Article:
A few months after my mother died, my youngest son and I were driving home from the grocery store in her van when it started to rain. It wasn’t a terrible downpour, but a light mist that makes a dusty windshield smear and causes drivers to reach for the windshield wiper fluid feature on their steering columns. I reached for mine as well…but I couldn’t find it.
I wasn’t all that surprised. In the 11 years my mother owned the vehicle, I could not recall her driving it in the rain. I’m sure she did but as she aged, she was less than confident in her driving skills and only tended to go out when it was 75 and sunny. After fumbling for a few minutes to try and find it, I gave up. I turned on the wipers squinted through the smears and made my way home where I promptly forgot all about it.
That night, I had the strangest dream. I dreamed my mother and I were in the van when out of nowhere; she reached out and activated the very feature I’d been trying unsuccessfully to find only the day before.
“How did you do that?” I asked her.
She turned to me and gave me an amused grin. It was as if I was dreaming in high-definition. She looked like the best version of herself: leukemia free, radiant and happier than I’d seen her in years. “I never showed you how to do that before?” she replied.
I shook my head as she demonstrated the feature again. She never told me exactly what to do or where to find it but the next day, as I was driving my son to school, I remembered the dream. I reached out where my mom had in the dream and found a hidden button. The washer fluid sprayed out like a geyser and my son was delighted. “You did it!” He exclaimed. “How did you find it?”
“Grandma showed me where it was in my dream last night,” I told him simply. I knew how insane I sounded, but it was the only explanation I had.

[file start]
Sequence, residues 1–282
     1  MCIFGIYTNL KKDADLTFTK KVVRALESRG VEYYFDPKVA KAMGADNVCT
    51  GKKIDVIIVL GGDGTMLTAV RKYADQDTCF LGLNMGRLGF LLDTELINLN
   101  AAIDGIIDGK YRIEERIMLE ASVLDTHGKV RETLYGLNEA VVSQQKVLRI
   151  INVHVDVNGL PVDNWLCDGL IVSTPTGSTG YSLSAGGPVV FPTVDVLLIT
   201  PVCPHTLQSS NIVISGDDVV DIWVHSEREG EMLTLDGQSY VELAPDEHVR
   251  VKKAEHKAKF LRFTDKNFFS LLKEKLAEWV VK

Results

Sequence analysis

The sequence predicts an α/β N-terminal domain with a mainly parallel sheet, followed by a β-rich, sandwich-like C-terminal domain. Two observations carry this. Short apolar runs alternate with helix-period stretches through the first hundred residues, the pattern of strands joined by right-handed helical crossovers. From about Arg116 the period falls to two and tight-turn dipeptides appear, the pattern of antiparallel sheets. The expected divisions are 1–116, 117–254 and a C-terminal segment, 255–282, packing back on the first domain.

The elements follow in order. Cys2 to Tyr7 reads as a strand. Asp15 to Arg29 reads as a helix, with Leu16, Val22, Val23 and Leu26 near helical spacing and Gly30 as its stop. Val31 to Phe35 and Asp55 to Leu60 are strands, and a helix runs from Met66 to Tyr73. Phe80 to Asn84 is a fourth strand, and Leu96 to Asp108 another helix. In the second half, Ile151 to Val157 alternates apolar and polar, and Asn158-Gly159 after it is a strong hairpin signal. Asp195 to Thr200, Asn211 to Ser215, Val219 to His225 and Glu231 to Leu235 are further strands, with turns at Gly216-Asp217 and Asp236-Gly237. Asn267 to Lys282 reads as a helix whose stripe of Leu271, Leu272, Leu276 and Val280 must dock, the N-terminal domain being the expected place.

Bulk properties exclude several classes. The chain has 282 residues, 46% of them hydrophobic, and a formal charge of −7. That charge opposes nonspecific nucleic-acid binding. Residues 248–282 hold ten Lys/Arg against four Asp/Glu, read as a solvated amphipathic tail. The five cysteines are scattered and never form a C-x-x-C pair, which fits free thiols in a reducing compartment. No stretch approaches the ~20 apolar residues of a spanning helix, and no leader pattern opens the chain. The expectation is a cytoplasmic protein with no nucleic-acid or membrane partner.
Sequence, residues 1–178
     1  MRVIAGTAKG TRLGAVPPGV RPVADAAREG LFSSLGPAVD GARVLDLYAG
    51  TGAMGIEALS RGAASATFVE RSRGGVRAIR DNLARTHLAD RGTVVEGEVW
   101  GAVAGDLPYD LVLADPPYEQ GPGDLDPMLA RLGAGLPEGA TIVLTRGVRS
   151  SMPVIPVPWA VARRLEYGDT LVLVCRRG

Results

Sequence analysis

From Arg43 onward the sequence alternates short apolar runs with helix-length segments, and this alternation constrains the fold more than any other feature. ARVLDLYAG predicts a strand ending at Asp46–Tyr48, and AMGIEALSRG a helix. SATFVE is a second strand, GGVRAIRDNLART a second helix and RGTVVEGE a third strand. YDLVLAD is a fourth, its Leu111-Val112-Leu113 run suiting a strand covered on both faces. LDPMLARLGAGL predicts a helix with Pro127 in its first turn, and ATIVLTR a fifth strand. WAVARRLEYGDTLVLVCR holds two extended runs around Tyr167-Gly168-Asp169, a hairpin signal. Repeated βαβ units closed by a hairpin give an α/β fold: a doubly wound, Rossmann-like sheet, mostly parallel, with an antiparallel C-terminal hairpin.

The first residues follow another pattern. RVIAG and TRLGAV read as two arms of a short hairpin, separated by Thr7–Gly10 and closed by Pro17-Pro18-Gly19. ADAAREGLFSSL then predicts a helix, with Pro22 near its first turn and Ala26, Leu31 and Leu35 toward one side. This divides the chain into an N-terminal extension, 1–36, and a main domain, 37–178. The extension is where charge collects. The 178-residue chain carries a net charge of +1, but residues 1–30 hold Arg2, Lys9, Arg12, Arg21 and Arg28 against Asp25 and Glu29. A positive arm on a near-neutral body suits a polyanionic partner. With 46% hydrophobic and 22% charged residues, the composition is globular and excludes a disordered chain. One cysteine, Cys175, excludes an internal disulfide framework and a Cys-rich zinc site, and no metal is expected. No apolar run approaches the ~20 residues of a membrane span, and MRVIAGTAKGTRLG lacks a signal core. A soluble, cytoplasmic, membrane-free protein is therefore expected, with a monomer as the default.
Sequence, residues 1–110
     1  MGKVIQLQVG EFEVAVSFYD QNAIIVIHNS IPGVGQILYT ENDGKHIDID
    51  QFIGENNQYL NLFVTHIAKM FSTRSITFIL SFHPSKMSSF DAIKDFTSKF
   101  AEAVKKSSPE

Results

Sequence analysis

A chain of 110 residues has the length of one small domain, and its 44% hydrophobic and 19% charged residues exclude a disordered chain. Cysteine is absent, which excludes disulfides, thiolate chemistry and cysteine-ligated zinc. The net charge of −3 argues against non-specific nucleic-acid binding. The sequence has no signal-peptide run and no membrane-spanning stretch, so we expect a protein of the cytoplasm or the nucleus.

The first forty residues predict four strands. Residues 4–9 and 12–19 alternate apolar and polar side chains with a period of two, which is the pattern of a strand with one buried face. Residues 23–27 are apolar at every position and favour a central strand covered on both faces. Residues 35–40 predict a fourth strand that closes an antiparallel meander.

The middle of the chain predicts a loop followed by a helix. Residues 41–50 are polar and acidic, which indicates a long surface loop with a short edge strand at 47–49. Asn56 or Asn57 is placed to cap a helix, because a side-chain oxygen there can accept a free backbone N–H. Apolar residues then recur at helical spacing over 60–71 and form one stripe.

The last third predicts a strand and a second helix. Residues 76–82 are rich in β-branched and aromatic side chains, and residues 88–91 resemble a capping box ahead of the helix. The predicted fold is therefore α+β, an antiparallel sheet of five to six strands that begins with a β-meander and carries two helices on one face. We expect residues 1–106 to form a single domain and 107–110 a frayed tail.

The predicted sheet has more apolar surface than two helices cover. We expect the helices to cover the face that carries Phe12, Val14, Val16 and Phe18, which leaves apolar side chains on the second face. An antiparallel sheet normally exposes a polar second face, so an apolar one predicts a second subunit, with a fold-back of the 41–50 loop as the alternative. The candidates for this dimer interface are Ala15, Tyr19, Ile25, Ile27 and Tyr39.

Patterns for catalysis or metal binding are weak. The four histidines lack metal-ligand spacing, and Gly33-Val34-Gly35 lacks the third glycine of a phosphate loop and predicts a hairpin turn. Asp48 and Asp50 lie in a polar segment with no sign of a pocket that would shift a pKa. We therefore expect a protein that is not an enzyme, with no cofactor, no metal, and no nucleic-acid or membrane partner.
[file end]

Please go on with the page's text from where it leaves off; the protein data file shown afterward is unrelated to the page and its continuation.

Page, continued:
“Oh come on,” he laughed. “You don’t really expect me to believe that, do you?”
I didn’t know how to answer him. On the one hand, I could appreciate his cynicism. It’s pretty hard to believe that my deceased mother would make an appearance just to show me how to work the windshield wiper fluid on her car. She hadn’t shown up to answer my tax questions, help me make decisions about her estate or provide me with the phone number of her lawn care guy, but on the other hand, I know what I experienced: I didn’t know where the button was and in my dream, she showed me. Rationally speaking, I suppose it is possible that my brain filtered through all of the information and gave me the answer I needed in a narrative that made sense, but maybe, just maybe something else was at work and I got a rare look at my mother in her new form. I would like to believe it was the latter, but I appreciate the skepticism of those, like my son, who see it differently.
I don’t pretend to know what happened in the days following that first Easter morning, but if I had not seen the risen Christ with my own eyes, I probably would have been among the doubting near-dozen. In fact, if there is one part of the Easter narrative I struggle with, it is the moment in today’s gospel in which Jesus takes His followers to task for their lack of faith. What did He honestly expect? These people saw what happened. They know people cannot come back to life. Jesus was not a guy in a coma. He was crucified. You don’t just bounce back from something like that. They saw His death with their own eyes and now they were expected to believe He was alive again? Personally, I think Jesus could have cut them a little bit of slack. The idea of someone seeing the risen Christ must have seemed as silly to them as the idea of my mom showing me how to operate her van did to my son.
Faith comes easier to some than it does to others, but when it comes…nothing shakes our story. Sometimes seeing means believing and sometimes the most real things in life are those things we cannot see. Cynicism and disbelief isn’t exactly a sin, it’s a character flaw of being human. Still, when we wash away the dirt that blocks our view, we look through that windshield and see the road ahead: a road that leads straight to Christ. Through Him, our ideas become realities; our experiences become our testimony and sometimes, our dreams are proof positive that there is more to life than meets the eye.
Today’s readings for Mass: Acts 4:13-21; PS 118:1 AND 14-15AB, 16-18, 19-21; MK 16: 9-15